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Kant and Wittgenstein on Thought Experiments and the Matter of Transcendental Arguments

DOI
10.5922/0207-6918-2022-2-4
Pages
96-121

Abstract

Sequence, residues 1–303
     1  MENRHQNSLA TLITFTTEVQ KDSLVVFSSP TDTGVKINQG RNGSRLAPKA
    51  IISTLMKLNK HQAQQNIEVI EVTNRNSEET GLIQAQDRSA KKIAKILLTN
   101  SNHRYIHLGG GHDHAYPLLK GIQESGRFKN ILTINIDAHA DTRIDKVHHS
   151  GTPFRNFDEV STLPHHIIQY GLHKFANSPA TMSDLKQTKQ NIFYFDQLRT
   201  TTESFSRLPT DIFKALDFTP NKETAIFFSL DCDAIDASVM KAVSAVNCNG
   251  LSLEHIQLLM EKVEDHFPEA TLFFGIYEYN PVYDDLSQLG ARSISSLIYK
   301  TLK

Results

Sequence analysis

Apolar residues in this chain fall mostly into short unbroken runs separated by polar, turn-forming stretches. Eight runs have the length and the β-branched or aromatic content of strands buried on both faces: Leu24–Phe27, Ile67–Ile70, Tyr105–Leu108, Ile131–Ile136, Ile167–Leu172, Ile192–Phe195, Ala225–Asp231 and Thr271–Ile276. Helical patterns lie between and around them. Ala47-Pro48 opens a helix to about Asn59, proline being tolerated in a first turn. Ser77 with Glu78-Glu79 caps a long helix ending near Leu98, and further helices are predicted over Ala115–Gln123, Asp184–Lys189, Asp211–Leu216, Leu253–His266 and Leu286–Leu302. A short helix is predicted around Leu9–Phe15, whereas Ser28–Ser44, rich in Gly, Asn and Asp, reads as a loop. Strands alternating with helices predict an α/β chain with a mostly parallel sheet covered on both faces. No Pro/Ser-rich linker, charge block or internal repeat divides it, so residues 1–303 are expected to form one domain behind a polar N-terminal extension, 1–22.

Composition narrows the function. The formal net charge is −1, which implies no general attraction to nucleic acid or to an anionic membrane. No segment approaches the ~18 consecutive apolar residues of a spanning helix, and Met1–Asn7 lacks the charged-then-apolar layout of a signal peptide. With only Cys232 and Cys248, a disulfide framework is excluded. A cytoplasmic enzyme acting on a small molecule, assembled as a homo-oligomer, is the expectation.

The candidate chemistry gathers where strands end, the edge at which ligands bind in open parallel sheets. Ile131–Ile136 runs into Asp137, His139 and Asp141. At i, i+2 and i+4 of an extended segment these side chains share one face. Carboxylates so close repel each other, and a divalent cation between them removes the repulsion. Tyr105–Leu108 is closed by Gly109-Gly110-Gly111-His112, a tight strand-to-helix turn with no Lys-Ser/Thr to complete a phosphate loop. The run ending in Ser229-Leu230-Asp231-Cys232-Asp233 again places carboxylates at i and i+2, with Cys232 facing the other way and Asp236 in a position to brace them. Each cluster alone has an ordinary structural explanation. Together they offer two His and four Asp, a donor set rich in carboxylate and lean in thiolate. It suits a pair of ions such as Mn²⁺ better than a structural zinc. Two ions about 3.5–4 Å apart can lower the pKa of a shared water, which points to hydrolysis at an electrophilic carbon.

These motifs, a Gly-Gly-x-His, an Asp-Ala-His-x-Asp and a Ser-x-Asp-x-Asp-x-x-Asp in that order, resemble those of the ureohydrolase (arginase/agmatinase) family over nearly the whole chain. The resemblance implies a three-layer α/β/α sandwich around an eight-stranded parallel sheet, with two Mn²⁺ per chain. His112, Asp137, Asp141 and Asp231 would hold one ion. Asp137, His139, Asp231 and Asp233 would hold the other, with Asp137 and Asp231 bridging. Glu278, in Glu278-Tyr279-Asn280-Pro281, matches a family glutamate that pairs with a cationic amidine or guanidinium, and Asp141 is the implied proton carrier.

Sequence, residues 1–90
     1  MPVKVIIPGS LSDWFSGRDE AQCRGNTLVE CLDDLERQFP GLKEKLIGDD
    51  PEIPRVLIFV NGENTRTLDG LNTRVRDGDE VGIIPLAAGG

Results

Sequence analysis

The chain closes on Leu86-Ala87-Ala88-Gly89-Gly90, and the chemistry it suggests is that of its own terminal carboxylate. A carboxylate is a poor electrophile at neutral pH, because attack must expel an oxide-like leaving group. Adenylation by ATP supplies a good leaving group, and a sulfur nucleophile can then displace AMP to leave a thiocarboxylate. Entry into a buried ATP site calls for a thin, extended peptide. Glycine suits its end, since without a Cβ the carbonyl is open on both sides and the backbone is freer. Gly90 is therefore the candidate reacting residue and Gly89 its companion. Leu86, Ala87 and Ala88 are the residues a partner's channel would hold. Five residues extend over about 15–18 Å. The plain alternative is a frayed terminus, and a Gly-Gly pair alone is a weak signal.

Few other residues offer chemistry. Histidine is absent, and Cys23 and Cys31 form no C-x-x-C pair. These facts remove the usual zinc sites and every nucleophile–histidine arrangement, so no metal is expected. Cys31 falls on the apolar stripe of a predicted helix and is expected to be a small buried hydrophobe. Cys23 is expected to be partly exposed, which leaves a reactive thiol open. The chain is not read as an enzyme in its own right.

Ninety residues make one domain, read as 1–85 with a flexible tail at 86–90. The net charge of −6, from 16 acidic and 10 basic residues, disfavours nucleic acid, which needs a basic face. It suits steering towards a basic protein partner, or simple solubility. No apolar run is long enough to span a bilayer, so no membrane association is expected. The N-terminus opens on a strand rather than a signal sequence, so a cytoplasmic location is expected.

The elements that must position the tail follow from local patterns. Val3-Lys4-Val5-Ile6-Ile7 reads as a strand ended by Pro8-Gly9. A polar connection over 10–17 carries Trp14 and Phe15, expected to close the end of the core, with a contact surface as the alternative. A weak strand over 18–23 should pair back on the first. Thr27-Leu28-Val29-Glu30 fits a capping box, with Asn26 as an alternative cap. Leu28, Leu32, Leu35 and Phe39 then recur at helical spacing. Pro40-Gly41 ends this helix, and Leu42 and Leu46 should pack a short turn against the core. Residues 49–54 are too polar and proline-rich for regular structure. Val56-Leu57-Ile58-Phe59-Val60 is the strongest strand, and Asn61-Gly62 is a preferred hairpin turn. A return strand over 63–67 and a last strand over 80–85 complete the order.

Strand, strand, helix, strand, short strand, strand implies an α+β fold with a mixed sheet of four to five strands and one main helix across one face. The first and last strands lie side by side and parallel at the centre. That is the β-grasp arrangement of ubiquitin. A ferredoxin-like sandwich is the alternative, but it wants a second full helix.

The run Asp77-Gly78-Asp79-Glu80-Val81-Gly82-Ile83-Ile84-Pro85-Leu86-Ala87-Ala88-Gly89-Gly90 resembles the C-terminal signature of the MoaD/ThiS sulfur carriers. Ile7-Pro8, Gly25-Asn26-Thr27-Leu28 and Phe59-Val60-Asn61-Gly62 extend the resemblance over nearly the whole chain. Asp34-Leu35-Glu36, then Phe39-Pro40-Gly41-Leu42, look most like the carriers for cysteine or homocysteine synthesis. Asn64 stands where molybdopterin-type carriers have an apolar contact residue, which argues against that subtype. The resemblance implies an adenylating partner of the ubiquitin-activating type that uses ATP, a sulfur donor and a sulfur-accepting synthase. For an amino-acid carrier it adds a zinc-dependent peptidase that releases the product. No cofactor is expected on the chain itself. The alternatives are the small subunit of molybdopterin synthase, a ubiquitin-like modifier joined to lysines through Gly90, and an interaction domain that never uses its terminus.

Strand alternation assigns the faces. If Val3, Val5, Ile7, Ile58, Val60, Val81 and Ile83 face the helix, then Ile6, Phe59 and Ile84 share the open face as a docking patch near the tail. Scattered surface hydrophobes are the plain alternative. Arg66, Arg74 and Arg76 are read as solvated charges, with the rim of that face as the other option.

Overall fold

It is necessary to reconsider P. M. S. Hacker’s assessment of Kant and Wittgenstein’s philosophical affinities and the question concerning Wittgenstein’s alleged use of “transcendental arguments”. First, Alfred Norman’s reading of the Tractatus Logico-Philosophicus as a thought experiment receives revision to develop a view of the Critique of Pure Reason as a large-scale thought experiment that shares important logical features with the Tractatus. Then the question is addressed whether the middle Wittgenstein and the pre-critical Kant employed any thought experiments that could be equally characterised as “transcendental arguments”. A rational reconstruction of both thinkers’ arguments is carried out in the light of the contemporary literature on thought experimenting. The novelty and relevance of this approach is the emphasis laid upon a largely neglected affinity between Kant and Wittgenstein, namely the systematic use of thought experiments in their epistemological pursuits. The conclusions are: i) Wittgenstein’s and Kant’s magna opera can be seen as philosophical thought experiments that attempt to try out the limits of language and the limits of possible experience respectively; ii) Both philosophers developed arguments that can be designated as transcendental if only from a methodological standpoint; and iii) some key arguments put forward by the middle Wittgenstein in the determination of the structure of visual space could be characterised better as thought experiments than transcendental arguments.

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